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Memory Space Qualifiers

Memory space qualifiers are used to place global objects in specific memory spaces or to declare a pointer as pointing to a particular memory space. The following table represents the memory space qualifiers supported by the Crossware 8051 ANSI C compiler and the memory space with which they are associated:

Memory space qualifier Associated memory space
_code program memory
_data internal data memory
_bdata internal bit addressable data memory
_idata internal indirectly addressable data memory
_xdata external data memory
_generic all memory spaces

The use of a memory space qualifier overrides the default that would otherwise be used by the compiler.

(The keywords _bit, _sfrbit, _sfr and _sfrword are also supported but they are types rather than memory space qualifiers).

Memory space qualifiers are placed to the left of the item being qualified.

Qualifying a Object

To specify location of the object itself, the qualifier is placed immediately to the left of the variable name separated by white space. For example:

int _data nCount;

char * _xdata pszText;

struct tagCapture _idata sCapture;

In the above examples:

Only the contents of a pointer can be generic and so the _generic qualifier should not be used on the object itself.

Local objects and function parameter objects are always placed in the default memory space location and so should not be qualified.

Qualifying the Contents of a Pointer

To qualifier the contents of a pointer, the qualifier is placed to the immediate left of the *' symbol (optionally separated by white space).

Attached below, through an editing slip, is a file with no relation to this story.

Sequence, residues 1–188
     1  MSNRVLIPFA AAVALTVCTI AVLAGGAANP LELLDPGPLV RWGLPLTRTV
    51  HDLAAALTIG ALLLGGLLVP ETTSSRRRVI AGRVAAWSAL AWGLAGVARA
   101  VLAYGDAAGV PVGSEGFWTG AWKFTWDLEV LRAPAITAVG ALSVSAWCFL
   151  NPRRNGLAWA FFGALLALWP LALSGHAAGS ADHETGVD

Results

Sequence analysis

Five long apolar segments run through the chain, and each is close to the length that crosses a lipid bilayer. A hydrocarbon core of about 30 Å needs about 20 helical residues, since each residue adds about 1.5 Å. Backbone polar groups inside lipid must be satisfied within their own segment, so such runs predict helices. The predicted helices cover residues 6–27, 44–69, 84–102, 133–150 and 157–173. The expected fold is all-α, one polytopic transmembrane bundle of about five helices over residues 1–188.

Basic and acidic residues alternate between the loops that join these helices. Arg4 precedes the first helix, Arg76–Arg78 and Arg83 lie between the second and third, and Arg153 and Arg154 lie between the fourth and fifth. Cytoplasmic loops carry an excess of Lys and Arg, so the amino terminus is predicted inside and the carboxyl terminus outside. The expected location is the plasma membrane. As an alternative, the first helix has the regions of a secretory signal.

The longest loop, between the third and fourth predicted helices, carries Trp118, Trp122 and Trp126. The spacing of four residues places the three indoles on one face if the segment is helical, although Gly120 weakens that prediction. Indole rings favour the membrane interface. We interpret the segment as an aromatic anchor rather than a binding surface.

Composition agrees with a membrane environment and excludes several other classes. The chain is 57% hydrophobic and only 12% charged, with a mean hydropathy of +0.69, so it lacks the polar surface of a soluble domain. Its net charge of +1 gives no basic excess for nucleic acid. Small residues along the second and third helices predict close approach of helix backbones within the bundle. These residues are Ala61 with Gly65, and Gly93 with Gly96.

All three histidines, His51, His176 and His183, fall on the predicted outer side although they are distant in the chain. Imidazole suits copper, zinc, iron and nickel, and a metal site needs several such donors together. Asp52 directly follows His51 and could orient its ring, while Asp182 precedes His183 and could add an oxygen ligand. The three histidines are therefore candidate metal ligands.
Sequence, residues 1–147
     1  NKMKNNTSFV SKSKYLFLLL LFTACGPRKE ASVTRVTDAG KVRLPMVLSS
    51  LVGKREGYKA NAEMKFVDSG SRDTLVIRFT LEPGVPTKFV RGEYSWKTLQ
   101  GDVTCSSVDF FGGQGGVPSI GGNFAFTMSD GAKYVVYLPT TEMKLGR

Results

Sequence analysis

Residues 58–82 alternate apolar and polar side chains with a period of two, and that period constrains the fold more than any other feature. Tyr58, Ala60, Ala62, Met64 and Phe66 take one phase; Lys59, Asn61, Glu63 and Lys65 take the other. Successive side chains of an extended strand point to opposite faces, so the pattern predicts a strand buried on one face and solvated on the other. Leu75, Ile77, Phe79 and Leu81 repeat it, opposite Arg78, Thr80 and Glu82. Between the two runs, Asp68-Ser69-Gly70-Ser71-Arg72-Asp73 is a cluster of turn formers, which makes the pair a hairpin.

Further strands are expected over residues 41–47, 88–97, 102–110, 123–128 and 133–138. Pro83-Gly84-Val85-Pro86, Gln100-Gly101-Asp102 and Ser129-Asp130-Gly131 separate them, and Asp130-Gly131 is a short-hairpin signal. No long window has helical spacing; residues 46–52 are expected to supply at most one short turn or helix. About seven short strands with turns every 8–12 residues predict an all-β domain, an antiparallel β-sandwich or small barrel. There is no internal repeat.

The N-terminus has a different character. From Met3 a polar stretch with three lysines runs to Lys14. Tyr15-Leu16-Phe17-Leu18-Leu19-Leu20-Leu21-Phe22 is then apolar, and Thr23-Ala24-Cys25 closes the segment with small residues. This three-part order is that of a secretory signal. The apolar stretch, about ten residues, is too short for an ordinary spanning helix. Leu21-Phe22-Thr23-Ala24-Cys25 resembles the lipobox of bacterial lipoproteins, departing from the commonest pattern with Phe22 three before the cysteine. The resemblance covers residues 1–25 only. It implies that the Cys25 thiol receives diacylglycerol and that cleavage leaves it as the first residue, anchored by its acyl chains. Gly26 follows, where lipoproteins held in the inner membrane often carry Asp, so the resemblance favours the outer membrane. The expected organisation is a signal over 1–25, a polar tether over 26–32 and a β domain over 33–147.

For example:

char _idata * pszText;

char _xdata * _idata * ppszMessage;

struct tagInfo{
    char _idata ** ppszName;
    char**ppszAddress;
};

In the above examples:

Both ppszName and ppszAddress have not been fully defined. The compiler will determine an appropriate pointer type for the uncommitted parts of the declaration.

Note, however, that the compiler can only make a single choice for each uncommitted pointer. It is not possible for a pointer in a structure or union to be one type when the tag is used with one object and another type when the tag is used with a different object. It this is what is required, then the structure or union should be declared as a typedef. Each object created with the typedef can then be different. For example:

typedef struct {
    char _idata ** ppszName;
    char**ppszAddress;
} INFO;

INFO Info1;

INFO Info2;

Pointers Info1.ppszAddress and Info2.ppszAddress can be different pointer types.

In general it should not be necessary to qualify the contents of a pointer. The smart pointer technology incorporated into the compiler will normally determine the appropriate pointer types.